“The evidence detailed … does not support the filing of criminal charges against Officers Dustin Schwarze or Mark Ringgenberg for the fatal shooting of Jamar Clark,” Freeman said.
“At the time he was shot, Clark was attempting to gain control of Ringgenberg’s firearm. Ringgenberg reasonably believed that if Clark had succeeded in removing his firearm from his holster, Clark would have shot both officers as well as exposing third parties to danger of injury by firearm.”
Details of Clark’s death had been murky, prompting the American Civil Liberties Union of Minnesota and the NAACP chapter in Minneapolis to sue the state’s Department of Public Safety in hopes of getting videos that show the fatal shooting.
Clark was shot on November 15. He died at a hospital a day later.
Clark’s death sparked widespread protests.
Five people were wounded in November when gunfire erupted near a Minneapolis police precinct where activists were demonstrating. In other protests, demonstrators stopped traffic on an interstate and disrupted travelers trying to get into an airport.
Several witnesses said Clark was restrained when a bullet struck him in the head. One witness told CNN he thought Clark was in handcuffs. Police and attorneys have disputed those claims.
Freeman addressed the witnesses’ accounts during his Wednesday news conference, calling them conflicting. Of 20 witnesses, he said, two said Clark was not handcuffed, six said they were uncertain and 12 said he was handcuffed, though they disagreed on whether he was handcuffed with his hands in front of him, his hands behind him or only on his left hand.
Freeman said none of the civilian witnesses reported hearing Clark say he was ready to die.
Forensic evidence further demonstrated that Clark had no wrist wounds that would have resulted from being handcuffed during the tussle, and blood found on the handcuffs suggests they were on the ground, not on Clark’s wrists, when he was shot, Freeman said.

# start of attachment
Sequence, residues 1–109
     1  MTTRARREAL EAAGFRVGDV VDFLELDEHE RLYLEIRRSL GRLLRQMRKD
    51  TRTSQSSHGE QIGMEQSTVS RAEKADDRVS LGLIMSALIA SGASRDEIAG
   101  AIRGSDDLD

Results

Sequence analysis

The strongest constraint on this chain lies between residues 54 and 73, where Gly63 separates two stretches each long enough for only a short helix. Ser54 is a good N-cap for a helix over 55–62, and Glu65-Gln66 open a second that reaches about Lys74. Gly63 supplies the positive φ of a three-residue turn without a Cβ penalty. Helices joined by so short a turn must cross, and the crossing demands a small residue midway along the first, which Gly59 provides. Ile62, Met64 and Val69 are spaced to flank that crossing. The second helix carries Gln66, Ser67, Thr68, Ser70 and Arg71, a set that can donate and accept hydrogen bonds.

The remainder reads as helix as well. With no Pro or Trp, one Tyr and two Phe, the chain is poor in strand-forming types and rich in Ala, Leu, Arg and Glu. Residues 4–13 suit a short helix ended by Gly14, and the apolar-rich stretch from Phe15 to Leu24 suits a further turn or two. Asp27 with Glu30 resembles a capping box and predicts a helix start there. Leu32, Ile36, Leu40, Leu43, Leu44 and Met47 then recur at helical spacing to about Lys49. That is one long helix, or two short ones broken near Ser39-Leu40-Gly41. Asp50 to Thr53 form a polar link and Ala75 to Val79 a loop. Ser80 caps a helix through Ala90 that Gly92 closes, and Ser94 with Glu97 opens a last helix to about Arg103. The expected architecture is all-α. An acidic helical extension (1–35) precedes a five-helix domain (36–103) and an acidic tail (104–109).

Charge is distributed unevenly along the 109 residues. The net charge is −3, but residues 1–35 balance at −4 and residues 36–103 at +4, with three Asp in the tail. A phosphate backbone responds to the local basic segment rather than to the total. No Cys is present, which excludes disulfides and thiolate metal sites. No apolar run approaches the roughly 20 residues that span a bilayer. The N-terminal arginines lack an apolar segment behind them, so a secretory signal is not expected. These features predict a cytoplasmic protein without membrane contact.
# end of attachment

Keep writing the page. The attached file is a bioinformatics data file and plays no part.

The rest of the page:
Clark was African-American; the officers are white.
His death is the latest in a string of controversial police killings that includes the deaths of Michael Brown in Ferguson, Missouri; Eric Garner in New York; and Freddie Gray in Baltimore.
Minneapolis on edge
Bracing for the possibility of more protests, Minneapolis Police Chief Janee Harteau released a message on March 24, warning activists and others that violence would not be tolerated.
“The Minneapolis Police Department has a long history of helping residents and those who visit our city exercise their First Amendment rights. It is also our responsibility to do everything in our power to keep people safe,” she said. “We will not tolerate acts of violence against anyone, and that includes acts of violence against our officers.”
The chief continued: “We will not allow people to set fires on our streets or occupy and vandalize our buildings. We will not allow people to jeopardize the safety of others by causing massive disruptions and hindering emergency vehicles from helping those in need. The (Minneapolis Police Department) has to, and will, strike a balance between First Amendment rights with the safety of everyone.”